Here is where we do our separating axis test. First we check the top and bottom of the boxes to see if they are separated along the y axis. Then we check the left/right to see if they are separated on the x axis. If there is any separation, then there is no collision and we return false. If we cannot find any separation, then there is a collision and we return true.

Note: SDL does have some built in collision detection functions, but for this tutorial set we'll be hand rolling our own. Mainly because it's important to know how these work and secondly because if you can roll your own you can use your collision detection with SDL rendering, OpenGL, Direct3D, Mantle, Metal, or any other rendering API.

Also remember that SDL uses a y axis that points down as opposed to the cartesian coordinate which points upward. This means our bottom/top comparisons are also going to be inverted.
            //Main loop flag
            bool quit = false;

            //Event handler
            SDL_Event e;

            //The dot that will be moving around on the screen
            Dot dot;

            //Set the wall
            SDL_Rect wall;
            wall.x = 300;
            wall.y = 40;
            wall.w = 40;
            wall.h = 400;
Before we enter the main loop, we declare the dot and define the postion and dimensions of the wall.
            //While application is running
            while( !quit )
                //Handle events on queue
                while( SDL_PollEvent( &e ) != 0 )
                    //User requests quit
                    if( e.type == SDL_QUIT )
                        quit = true;

                    //Handle input for the dot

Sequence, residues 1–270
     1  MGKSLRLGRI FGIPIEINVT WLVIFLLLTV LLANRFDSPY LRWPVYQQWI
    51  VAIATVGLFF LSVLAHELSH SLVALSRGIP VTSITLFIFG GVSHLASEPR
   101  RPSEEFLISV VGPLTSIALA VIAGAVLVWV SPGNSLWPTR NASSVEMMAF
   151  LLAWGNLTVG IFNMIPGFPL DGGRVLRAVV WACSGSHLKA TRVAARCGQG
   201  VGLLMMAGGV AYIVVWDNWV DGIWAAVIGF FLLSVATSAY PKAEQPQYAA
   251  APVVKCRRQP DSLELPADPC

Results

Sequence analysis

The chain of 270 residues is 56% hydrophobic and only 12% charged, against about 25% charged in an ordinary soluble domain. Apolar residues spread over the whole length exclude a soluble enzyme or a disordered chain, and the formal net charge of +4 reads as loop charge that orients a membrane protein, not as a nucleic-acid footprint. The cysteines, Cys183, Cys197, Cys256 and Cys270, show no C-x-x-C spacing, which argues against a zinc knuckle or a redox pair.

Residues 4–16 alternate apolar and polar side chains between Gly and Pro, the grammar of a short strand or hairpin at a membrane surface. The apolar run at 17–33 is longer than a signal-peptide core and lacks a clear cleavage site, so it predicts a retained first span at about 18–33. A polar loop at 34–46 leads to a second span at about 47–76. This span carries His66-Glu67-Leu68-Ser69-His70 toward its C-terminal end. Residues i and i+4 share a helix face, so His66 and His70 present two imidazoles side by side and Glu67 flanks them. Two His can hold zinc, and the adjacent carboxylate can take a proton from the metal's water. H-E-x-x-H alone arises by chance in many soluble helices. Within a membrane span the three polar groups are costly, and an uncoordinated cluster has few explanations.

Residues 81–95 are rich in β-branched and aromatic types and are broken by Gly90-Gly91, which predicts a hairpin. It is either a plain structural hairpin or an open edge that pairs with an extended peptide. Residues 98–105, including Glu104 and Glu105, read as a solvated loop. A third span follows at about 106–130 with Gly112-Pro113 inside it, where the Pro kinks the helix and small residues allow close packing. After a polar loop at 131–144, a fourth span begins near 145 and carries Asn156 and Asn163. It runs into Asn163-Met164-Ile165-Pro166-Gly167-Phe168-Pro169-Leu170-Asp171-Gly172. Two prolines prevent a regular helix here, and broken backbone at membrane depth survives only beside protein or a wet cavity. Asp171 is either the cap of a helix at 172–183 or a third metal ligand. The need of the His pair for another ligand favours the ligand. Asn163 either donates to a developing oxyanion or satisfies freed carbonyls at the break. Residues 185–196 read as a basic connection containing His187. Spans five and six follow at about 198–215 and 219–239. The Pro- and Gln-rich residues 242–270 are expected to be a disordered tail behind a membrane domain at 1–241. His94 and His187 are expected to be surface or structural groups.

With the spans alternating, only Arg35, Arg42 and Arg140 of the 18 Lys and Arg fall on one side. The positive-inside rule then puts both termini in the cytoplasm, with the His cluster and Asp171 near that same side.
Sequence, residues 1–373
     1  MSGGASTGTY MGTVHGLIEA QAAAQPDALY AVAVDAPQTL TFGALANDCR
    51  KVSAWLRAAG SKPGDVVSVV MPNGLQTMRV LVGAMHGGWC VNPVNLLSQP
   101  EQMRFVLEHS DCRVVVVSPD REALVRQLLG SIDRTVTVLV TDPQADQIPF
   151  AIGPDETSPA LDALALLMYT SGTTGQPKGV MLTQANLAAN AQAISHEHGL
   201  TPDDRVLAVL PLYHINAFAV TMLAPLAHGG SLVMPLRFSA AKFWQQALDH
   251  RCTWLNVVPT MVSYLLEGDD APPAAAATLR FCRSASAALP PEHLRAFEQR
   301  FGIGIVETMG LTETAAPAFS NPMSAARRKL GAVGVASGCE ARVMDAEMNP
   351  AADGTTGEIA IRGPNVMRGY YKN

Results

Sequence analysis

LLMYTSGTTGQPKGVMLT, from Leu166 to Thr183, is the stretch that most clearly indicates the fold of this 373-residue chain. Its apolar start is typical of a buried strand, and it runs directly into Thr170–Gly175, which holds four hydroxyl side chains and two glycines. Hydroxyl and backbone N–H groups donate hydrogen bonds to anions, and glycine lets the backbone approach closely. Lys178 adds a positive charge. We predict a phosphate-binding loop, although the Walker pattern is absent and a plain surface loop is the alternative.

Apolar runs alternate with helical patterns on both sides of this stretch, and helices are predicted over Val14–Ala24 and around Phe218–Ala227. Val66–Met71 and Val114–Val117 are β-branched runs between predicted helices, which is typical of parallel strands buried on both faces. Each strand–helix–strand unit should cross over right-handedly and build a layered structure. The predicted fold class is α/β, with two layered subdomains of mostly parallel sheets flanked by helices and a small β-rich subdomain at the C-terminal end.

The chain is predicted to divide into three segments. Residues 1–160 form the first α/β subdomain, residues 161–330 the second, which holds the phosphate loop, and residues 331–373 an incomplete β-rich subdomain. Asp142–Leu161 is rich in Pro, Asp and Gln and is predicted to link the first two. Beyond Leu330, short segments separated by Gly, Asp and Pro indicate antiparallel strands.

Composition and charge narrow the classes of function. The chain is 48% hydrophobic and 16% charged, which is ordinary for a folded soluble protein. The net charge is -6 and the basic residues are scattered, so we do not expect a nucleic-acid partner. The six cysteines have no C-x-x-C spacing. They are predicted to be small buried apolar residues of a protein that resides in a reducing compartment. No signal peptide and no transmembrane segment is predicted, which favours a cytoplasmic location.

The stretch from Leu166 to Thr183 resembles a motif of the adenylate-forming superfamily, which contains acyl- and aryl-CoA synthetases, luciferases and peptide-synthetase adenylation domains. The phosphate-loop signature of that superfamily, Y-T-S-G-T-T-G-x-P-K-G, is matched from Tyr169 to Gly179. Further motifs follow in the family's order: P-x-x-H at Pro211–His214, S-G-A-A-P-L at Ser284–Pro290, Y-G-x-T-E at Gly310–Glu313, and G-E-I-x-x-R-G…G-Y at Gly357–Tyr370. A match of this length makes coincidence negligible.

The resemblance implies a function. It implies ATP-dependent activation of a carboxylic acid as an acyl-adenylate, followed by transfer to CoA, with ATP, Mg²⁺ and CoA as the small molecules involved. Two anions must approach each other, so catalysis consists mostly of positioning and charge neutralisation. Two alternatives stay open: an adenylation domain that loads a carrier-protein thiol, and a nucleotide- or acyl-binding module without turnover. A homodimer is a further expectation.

dot.handleEvent( e );

                //Move the dot and check collision
                dot.move( wall );

                //Clear screen
                SDL_SetRenderDrawColor( gRenderer, 0xFF, 0xFF, 0xFF, 0xFF );
                SDL_RenderClear( gRenderer );

                //Render wall
                SDL_SetRenderDrawColor( gRenderer, 0x00, 0x00, 0x00, 0xFF );        
                SDL_RenderDrawRect( gRenderer, &wall );
                //Render dot

                //Update screen
                SDL_RenderPresent( gRenderer );
Here is our main loop with the dot handling events, moving while checking for collision against the wall and finally rendering the wall and the dot onto the screen.
These next two sections are for future reference. Odds are if you're reading this tutorial, you're a beginner and this stuff is way too advanced. This is more for down the road when you need to use more advanced collision detection.

Now when you're starting out and just want to make something simple like tetris, this sort of collision detection is fine. For something like a physics simulator things get much more complicated.

For something like a rigid body simulator, we have our logic do this every frame:
1) Apply all the forces to all the objects in the scene (gravity, wind, propulsion, etc).

2) Move the objects by applying the acceleration and velocity to the position.

3) Check collisions for all of the objects and create a set of contacts. A contact is a data structure that typically contains pointers to the two objects that are colliding, a normal vector from the first to the second object, and the amount the objects are penetrating.

4) Take the set of generated contacts and resolve the collisions. This typically involves checking for contacts again (within a limit) and resolving them.

Now if you're barely learning collision detection, this is out of your league for now. This would take an entire tutorial set (that I currently do not have time to make) to explain it. Not only that it involves vector math and physics which is beyond the scope of these tutorials. Just keep this in mind later on when you need games that have large amounts of colliding objects and are wondering how the over all structure for a physics engine works.
Another thing is that the boxes we have here are AABBs or axis aligned bounding boxes. This means they have sides that are aligned with the x and y axis. If you want to have boxes that are rotated, you can still use the separating axis test on OBBs (oriented bounding boxes). Instead of projecting the corners on the x and y axis, you project all of the corners of the boxes on the I and J axis for each of the boxes. You then check if the boxes are separated along each axis. You can extend this further for any type of polygon by projecting all of the corners of each axis along each of the polygon's axis to see if there is any separation. This all involves vector math and this as mentioned before is beyond the scope of this tutorial set.